Charles Rennie Mackintosh

Charles Rennie Mackintosh

Mac Attack

This year is the centenary of Charles Rennie Mackintosh’s biggest design triumph – Glasgow School of Art. David Pollock profiles the famous Art Nouveau architect.

‘There is hope in honest error,’ said Charles Rennie Mackintosh, one of Glasgow’s most favoured sons, ‘none in the icy perfections of the mere stylist.’ Although his particular style of architecture and design has become posthumously recognised around the world for its decorative value, Mackintosh was an artist first and foremost: ‘The artist cannot attain to mastery in his art unless he is endowed in the highest degree with the faculty of invention,’ was another of his maxims.

This year marks the centenary of the Glasgow School of Art’s completion, a building whose design Mackintosh would continue to be celebrated for. A series of events will be ongoing throughout the year to celebrate the fact. Born in the Townhead area of Glasgow in 1868, not far from the site of the School of Art, Mackintosh became an apprentice architect at the age of 16. Gaining experience over the years and eventually travelling to Italy to see the country’s great buildings first-hand on the Alexander Thomson Travelling Studentship. Mackintosh would be handed his first big architectural job upon returning from the continent in the early 1890s.

Appropriately, that building - the Glasgow Herald Building, then headquarters to the newspaper enterprise - is now The Lighthouse, a dedicated gallery and visitor centre themed around architecture and design. So-called because of the jutting tower Mackintosh built at its summit, which still offers unspoiled views of a tight cluster of architecturally interesting buildings in Glasgow city centre. The Lighthouse also incorporates the Mackintosh Interpretation Centre, which gives detailed information on the intricacies of the building’s design.

The next decade and a half would be the continuing high watermark of Mackintosh’s career, when all of his greatest works were designed. During this period he also worked as part of a collaborative group named The Four, which included his wife Margaret Macdonald. Among the Glaswegian landmarks he would create as an employee and then a partner of the architectural firm Honeyman & Keppie were the light sandstone-fronted Daily Record Building just off Drury Street (another newspaper office, although this one is currently only viewable from the exterior), the Willow Tea Rooms, a small café which was restored in 1980 and is still in use today, and the major project that was the Scotland Street School, finished in 1906.

This last building was also the final major commission he would complete in Glasgow. With an economic downturn causing architectural firms to fold, he first resigned his partnership of Honeyman & Keppie in 1913 and then opened and closed his own short-lived firm, before leaving Glasgow with his wife and settling in Suffolk, London and then the South of France. Having taken on a couple of architectural jobs in these locations and built a portfolio of watercolour paintings, Mackintosh eventually died at the age of 60 in 1928.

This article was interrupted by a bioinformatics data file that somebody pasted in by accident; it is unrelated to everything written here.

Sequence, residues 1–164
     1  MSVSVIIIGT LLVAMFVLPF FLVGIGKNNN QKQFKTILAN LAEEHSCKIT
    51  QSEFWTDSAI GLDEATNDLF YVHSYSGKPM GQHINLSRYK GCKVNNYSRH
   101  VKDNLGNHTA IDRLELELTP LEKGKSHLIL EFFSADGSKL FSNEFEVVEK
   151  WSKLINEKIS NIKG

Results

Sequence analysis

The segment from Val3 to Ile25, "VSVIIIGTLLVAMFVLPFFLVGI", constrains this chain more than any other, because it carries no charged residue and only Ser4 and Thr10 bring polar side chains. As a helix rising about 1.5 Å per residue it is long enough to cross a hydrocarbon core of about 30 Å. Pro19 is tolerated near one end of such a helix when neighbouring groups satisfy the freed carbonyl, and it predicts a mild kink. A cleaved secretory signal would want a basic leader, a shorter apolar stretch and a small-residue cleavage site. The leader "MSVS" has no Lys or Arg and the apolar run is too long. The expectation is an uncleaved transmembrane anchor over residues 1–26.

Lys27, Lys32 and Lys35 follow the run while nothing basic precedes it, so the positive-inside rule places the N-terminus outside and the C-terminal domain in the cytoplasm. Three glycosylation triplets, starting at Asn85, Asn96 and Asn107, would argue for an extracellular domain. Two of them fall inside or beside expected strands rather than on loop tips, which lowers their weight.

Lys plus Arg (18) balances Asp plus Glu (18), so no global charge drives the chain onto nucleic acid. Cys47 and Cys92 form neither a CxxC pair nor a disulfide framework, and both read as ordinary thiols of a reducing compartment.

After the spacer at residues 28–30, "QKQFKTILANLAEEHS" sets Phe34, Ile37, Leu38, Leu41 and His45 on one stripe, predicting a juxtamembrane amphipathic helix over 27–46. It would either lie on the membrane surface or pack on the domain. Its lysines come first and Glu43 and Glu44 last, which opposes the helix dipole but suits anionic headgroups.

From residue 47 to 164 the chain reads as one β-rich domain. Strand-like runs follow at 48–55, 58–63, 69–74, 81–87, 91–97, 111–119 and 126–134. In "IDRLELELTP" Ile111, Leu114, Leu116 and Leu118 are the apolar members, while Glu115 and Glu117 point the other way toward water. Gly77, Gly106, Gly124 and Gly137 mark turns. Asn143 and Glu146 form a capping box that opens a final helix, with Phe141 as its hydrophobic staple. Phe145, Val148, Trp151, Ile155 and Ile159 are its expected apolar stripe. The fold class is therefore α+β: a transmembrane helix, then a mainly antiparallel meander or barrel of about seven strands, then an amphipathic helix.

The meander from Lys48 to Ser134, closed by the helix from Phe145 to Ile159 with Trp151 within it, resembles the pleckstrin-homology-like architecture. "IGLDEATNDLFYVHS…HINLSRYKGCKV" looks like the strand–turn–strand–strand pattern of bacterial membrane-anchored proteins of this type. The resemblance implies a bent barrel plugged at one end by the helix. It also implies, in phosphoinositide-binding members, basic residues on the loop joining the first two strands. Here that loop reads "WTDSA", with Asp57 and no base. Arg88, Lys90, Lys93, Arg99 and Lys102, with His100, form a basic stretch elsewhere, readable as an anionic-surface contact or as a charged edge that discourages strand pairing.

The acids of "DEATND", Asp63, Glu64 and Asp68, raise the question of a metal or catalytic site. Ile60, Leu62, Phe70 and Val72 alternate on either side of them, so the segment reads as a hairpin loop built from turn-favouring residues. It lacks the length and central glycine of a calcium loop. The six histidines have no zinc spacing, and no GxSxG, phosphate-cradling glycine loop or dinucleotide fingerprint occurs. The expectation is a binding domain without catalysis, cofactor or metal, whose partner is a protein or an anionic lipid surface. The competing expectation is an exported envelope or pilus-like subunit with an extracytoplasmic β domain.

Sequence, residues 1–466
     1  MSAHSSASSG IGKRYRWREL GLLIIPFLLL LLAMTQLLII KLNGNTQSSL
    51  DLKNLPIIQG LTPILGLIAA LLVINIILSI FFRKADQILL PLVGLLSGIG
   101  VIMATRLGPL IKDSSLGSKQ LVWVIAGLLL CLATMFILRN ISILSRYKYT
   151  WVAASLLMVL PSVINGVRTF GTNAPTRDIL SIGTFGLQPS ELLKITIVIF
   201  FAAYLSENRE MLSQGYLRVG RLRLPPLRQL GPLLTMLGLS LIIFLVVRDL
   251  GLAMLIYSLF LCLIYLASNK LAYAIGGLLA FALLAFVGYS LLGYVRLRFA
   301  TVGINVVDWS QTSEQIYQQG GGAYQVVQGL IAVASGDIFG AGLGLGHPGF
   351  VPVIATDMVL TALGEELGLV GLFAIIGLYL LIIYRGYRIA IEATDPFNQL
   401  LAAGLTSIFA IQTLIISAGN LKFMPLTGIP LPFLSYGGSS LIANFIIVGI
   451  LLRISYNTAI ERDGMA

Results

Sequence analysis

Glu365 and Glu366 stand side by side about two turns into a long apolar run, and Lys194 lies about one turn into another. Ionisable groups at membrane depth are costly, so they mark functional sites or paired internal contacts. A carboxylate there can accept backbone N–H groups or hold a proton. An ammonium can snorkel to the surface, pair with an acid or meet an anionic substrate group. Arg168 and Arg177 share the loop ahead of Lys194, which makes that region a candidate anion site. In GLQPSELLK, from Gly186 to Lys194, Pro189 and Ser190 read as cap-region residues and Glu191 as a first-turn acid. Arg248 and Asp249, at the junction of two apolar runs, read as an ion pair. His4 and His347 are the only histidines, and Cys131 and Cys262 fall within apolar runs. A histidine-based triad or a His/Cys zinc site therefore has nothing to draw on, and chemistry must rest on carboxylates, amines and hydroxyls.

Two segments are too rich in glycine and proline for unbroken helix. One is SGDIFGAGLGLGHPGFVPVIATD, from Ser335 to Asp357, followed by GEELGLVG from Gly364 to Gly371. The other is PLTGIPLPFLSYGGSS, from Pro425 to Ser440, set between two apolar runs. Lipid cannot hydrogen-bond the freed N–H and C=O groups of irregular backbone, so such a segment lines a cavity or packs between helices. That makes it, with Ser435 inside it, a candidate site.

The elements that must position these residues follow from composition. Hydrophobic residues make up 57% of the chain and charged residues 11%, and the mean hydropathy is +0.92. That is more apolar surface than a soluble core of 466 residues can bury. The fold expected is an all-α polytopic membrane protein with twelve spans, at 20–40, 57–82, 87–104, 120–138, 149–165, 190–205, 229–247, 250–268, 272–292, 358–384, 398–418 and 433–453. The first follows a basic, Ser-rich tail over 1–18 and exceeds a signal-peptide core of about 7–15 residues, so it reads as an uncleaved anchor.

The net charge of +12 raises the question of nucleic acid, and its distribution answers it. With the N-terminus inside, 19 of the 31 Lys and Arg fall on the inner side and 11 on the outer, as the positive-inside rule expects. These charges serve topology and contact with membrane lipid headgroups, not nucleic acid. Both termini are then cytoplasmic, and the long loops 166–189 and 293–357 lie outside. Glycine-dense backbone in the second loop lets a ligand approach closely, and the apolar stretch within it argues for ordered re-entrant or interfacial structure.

Like Gaudi and Barcelona, though, his work has become synonymous with the look and feel of Glasgow, and the buildings he left behind have become famous far beyond the city as the finest examples of work by Britain’s leading Art Nouveau practitioner.

All of the buildings mentioned herewith can still be viewed inside or out, along with such gems as the Mackintosh House (an interior recreation of Mackintosh and Macdonald’s house within Glasgow University’s Hunterian Art Gallery, which includes many of Mackintosh’s distinctive furniture designs) and the House for an Art Lover, completed in 1996 from designs Mackintosh submitted to an architectural competition in 1901. Each and every one is a masterpiece in its own right.

For more information on Charles Rennie Mackintosh, and ongoing and one-off events in the Mackintosh 100 series, visit www.crmsociety.com, www.gsa.ac.uk and www.thelighthouse.co.uk

The Mackintosh Experience Bus Tour

A hop-on, hop-off bus tour exploring Mackintosh’s influences and legacy, taking in The Lighthouse, Scotland Street School, House for an Art Lover, Kelvingrove Art Gallery, The Mackintosh House, Glasgow School of Art and the Willow Tearooms. Departs Glasgow city centre until 30 Sep.

The Mack Pack Tour

A fun tour of the Mackintosh building, incorporating activities from the ‘Mack Pack’; a digital tool designed by the Lighthouse and the Glasgow School of Art, it allows you to become a designer, furniture maker and architect – in a virtual world of course. Runs from Jun-Sep, Glasgow School of Art (E2), 167 Renfrew Street, 0141 353 4500, www.gsa.ac.uk

Mackintosh Walking Tours

View the architecture of Mackintosh and his contemporaries by foot - includes a 10 percent discount off food bills at the Willow Tea Room and Stereo Café within Mackintosh’s Daily Record Building. Depart from the Lighthouse, throughout Jun, 11 Mitchell Lane, Glasgow (F4), 0141 221 6362, www.thelighthouse.co.uk

Glasgow School of Art Tours

An in-depth tour of the Mackintosh building taken in small groups, meaning you get a more intimate experience. They are led by student guides and each one incorporates a half hour ‘art class’ in one of the school’s famous studios. Runs from Jun-Sep, Glasgow School of Art (E2), 167 Renfrew Street, 0141 353 4500, www.gsa.ac.uk

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